Projects like power plants, toll roads or airports share a number of characteristics that make their financing particularly challenging. Large-scale projects might be too big for any single company to finance alone. On the other hand, widely fragmented equity or debt financing in the capital markets may help to diversify risk among a larger investor base, but might make it difficult to control managerial discretion in the allocation of free cash flows and avoid wasteful expenditures.
Project financing is used to strike a balance between the need for sharing the risk of sizeable investments among multiple investors and the importance of effectively monitoring managerial actions and ensuring a co-ordinated effort by all project-related parties.
Project financing transactions require joint efforts from the lenders, investors, suppliers, off-takers (that is, contractual buyers of an end-product) and sponsors (that is, the entities ultimately responsible for the project) of the project to make the implementation of a project feasible. These parties deal with special challenges:
They require large indivisible investments in a single purpose asset. Project financing deals contemplate the creation of a special purpose vehicle with bankruptcy remoteness features as a ring-fencing technique, which usually results in credit enhancement for financiers and cost reductions for sponsors, although this is not usually mandatory.
Projects usually undergo two main phases, construction and operation, characterised by quite different risks and cash flow patterns. Construction mainly involves technological and environmental risks, while operation is exposed to market risk (fluctuations in the prices of inputs or outputs) and political risk, among other factors. Most capital expenditure is concentrated in the initial construction phase, with revenues starting to accrue only after the project has begun operation.
The success of a large project depends on the joint effort of several related parties, as issues such as a lack of co-ordination and conflicts of interest can have significant costs. All of the parties have substantial discretion in allocating the usually large free cash flows generated by the project operation, which can potentially lead to opportunistic behaviour and inefficient investments.
Project financing uses long-term contracts such as construction, supply, off-take and concession agreements, along with a variety of joint-ownership structures, to align incentives and deter opportunistic behaviour by any party involved in the project.
Parties interested in becoming involved in a project financing usually:
Study the structures available for the project financing, including the advantages and limitations of each available model.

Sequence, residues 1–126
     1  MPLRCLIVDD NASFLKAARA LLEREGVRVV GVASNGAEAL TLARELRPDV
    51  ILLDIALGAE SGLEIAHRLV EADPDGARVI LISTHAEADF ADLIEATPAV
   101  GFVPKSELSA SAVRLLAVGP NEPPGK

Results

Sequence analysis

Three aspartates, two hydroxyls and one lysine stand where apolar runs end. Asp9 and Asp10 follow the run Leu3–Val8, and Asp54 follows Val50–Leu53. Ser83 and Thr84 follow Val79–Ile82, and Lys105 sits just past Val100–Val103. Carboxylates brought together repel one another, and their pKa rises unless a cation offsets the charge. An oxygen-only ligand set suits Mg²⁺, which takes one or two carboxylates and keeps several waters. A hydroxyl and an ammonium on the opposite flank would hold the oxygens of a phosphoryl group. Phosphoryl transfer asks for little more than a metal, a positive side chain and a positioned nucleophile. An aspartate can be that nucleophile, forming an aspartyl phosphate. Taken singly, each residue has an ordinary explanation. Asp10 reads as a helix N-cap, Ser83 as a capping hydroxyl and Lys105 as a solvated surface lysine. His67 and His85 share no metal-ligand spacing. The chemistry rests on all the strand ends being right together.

Establish criteria to evaluate the credit risk involved in the project and the impact of this on the interest rates to be charged by financiers.
Identify and allocate risks involved in the project, and develop and implement methods to manage those risks.
Formulate an accurate economic model to obtain the necessary finances on the international market.
Develop techniques for undertaking and understanding the necessary due diligence.
Monitor the project during its building and operational phases, and manage the project's financial documents. The parties may also consider securitising receivables.
In project financing, equity is held by a small number of sponsors and debt financing is usually provided by a syndicate of a limited number of banks. Concentrated debt and equity ownership enhances project monitoring by capital providers and makes it easier to enforce project-specific governance rules to avoid conflicts of interest or suboptimal investments.
The use of non-recourse debt in project financing helps to limit managerial discretion by tying project revenues to large debt repayments, which reduces the amount of free cash flow. In addition, non-recourse debt and separate incorporation of the project company make it possible to achieve much higher leverage ratios than sponsors could otherwise sustain on their own balance sheets.
Non-recourse debt can generally be deconsolidated, and therefore does not increase the sponsors' on-balance sheet leverage (that is, their debt to equity ratio) or cost of funding. From the perspective of the sponsors, non-recourse debt can also reduce the potential for risk contamination (that is, risks generating other risks). In fact, even if the project were to fail, this would not jeopardise the financial integrity of the sponsors' core businesses.
However, one drawback of non-recourse debt is that it exposes lenders to project-specific risks that are difficult to diversify. To cope with the fact that project financing involves credit risk based on the specific types of assets involved in the project, lenders are increasingly using innovative risk-sharing structures, alternative sources of credit protection, and new capital market instruments to broaden the investors' base.
Hybrid structures between project and corporate finance are being developed, where lenders do not have recourse to the sponsors, but the particular risks specific to individual projects are diversified away by financing a portfolio of assets as opposed to single ventures. An example of a hybrid structure that is becoming increasingly common is the public private partnership (PPP), with private financiers taking on construction and operating risks while host governments cover market risks.
There is also increasing interest in various forms of credit protection. These include:
Explicit or implicit political risk guarantees.
New insurance products used to safeguard against macroeconomic risks, such as currency devaluations.
Other methods used to help offset the risks involved in developing large projects include changing the scope of projects to suit economic conditions. For example:
A refinery may change its mix of output among heating oil, diesel, unleaded gasoline and petrochemicals depending on these products' individual sale prices.